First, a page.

Army and Air Force Chiefs Voice Concern Over Ending ‘Don’t Ask, Don’t Tell’

From the Los Angles Times, “Military Chiefs Voice Concern Over Ending ‘Don’t Ask, Don’t Tell’“:

In a sign of possible differences among top military officials, Army and Air Force chiefs voiced concern Tuesday about ending a ban on gays serving openly in the armed forces while the country is in the middle of two wars.

Army Gen. George W. Casey Jr. and Air Force Gen. Norton A. Schwartz both told Congress that they supported the Pentagon’s plan to spend a year studying a change in the policy that allows gays to serve only as long as they keep their preferences hidden.

However, both generals were mum about their own views on gays in the military, and neither followed the lead of Adm. Michael G. Mullen, chairman of the Joint Chiefs of Staff, who this month said gays should be allowed to serve openly.

The appearances by Schwartz and Casey will be followed Wednesday by those of Adm. Gary Roughead, the chief of naval operations, and Gen. James Conway, the Marine commandant.

Lawmakers and advocates are carefully watching the congressional testimony, trying to gauge where the various service chiefs stand on the issue of gays in the military as a barometer for the eventual outcome.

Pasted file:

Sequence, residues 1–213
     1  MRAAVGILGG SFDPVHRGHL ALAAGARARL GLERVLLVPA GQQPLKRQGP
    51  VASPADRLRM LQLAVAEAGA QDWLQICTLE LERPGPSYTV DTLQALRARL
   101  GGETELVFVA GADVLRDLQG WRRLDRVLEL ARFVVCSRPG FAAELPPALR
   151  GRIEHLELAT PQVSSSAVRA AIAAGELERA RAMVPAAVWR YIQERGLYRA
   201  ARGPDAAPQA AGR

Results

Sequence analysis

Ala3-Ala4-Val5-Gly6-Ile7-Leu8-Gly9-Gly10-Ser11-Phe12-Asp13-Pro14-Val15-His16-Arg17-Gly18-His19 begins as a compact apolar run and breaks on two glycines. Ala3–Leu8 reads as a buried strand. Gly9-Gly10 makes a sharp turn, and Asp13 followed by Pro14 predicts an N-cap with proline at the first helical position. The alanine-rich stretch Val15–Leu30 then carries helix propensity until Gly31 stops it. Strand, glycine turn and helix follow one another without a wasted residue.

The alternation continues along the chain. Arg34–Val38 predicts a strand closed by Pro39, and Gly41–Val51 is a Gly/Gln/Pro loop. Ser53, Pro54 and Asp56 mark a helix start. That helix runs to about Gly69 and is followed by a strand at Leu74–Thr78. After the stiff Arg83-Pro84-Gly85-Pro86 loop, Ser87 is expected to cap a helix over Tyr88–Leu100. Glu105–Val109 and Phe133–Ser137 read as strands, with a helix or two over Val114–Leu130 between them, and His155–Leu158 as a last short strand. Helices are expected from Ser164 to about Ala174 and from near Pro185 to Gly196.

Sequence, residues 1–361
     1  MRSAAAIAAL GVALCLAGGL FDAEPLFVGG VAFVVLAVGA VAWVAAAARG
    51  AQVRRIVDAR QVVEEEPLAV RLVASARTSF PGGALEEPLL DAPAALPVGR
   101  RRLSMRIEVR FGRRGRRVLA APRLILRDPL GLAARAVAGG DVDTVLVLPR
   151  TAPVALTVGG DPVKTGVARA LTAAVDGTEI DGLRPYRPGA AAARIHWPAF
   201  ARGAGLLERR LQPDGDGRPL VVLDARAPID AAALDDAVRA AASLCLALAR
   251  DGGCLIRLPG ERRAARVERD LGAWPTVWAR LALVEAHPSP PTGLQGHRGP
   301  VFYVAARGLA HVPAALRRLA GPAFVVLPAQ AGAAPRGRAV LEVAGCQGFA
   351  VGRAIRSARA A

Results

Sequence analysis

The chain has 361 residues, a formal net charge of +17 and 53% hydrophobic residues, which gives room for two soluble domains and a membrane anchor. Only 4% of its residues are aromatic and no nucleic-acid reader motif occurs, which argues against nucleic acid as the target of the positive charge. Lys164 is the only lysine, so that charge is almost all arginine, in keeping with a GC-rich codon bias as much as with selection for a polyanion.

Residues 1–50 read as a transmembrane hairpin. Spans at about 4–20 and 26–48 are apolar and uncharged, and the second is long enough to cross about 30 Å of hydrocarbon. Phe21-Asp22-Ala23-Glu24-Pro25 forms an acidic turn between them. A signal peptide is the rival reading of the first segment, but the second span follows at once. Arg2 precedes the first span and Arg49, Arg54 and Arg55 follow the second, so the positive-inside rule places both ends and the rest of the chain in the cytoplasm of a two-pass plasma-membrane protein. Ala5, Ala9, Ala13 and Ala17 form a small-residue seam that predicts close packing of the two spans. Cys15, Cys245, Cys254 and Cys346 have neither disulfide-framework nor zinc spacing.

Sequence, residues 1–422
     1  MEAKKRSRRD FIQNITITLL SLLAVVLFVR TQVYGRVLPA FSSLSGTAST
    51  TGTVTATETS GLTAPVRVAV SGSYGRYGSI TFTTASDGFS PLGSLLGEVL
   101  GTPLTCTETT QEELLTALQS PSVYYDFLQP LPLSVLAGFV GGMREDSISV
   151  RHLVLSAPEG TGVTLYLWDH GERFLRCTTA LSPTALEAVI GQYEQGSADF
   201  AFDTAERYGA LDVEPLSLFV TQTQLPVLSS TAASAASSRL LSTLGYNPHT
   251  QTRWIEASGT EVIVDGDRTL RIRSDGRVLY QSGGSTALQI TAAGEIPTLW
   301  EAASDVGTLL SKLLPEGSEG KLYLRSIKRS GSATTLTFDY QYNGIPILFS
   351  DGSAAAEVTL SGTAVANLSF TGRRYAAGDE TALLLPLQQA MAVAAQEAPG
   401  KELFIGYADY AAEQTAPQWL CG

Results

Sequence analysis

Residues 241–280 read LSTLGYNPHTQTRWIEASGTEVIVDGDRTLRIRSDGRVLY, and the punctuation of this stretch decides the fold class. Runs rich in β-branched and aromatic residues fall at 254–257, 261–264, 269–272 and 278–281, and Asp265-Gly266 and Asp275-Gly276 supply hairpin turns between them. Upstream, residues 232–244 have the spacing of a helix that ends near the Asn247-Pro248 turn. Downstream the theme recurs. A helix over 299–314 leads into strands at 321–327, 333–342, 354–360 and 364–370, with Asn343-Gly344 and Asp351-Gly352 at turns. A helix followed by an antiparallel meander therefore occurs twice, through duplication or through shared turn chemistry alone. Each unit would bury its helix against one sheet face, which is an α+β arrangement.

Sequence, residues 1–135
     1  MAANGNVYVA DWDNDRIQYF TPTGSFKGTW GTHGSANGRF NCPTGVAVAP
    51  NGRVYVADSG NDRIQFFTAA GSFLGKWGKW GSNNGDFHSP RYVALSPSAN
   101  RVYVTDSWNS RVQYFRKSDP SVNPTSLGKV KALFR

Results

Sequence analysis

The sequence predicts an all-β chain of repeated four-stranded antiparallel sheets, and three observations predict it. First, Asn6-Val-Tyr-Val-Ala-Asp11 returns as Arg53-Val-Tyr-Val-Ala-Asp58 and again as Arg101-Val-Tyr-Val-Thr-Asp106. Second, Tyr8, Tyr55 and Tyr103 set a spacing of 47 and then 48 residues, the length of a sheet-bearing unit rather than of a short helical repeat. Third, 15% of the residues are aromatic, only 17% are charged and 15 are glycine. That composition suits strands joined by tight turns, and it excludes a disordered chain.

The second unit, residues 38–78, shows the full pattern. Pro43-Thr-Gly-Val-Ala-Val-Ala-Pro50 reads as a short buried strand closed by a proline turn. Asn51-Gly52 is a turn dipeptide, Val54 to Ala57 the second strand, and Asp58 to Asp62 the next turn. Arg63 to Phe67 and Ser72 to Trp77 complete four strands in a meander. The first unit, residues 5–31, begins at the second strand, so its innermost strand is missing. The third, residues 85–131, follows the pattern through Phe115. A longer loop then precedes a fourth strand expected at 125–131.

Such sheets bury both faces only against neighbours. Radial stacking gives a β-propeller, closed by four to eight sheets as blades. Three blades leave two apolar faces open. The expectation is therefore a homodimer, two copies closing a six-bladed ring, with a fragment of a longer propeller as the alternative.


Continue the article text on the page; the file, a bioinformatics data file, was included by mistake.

Opponents of the ban, including President Obama and many congressional Democrats, want to quickly overturn it. However, backers of the ban, including some congressional Republicans, are looking to military officials for possible support for keeping the policy in place.

RTWT.

The report notes the support of Army Gen. Ray Odierno, top U.S. commander in Iraq, for the administration’s policy proposal:

‘My opinion is everyone should be allowed to serve, as long as we’re still able to fight our wars and we’re able to have forces that are capable of doing whatever we’re asked to do,’ Odierno said.”

I had the best “teachable moment” on Monday in my 11:00am class. I have two students who are retired from active duty, one from the Army and the other from the Navy. Neither of them had any problems with gay service-members. As we were discussing this, I pulled up Mackubin Thomas Owens’ recent WSJ essay, “The Case Against Gays in the Military.” As Owens argues there, “open homosexuality is incompatible with military service because it undermines the military ethos upon which success in war ultimately depends.”

I reminded the class that I was NOT taking a position on the issue, but that I was sharing the military-strategic side of the argument. It was a powerfully engaging exchange. One of the students came up after class to thank me for the vigorous discussion. “That was fun,” he said.

More on this later …

Cross-posted from American Power.

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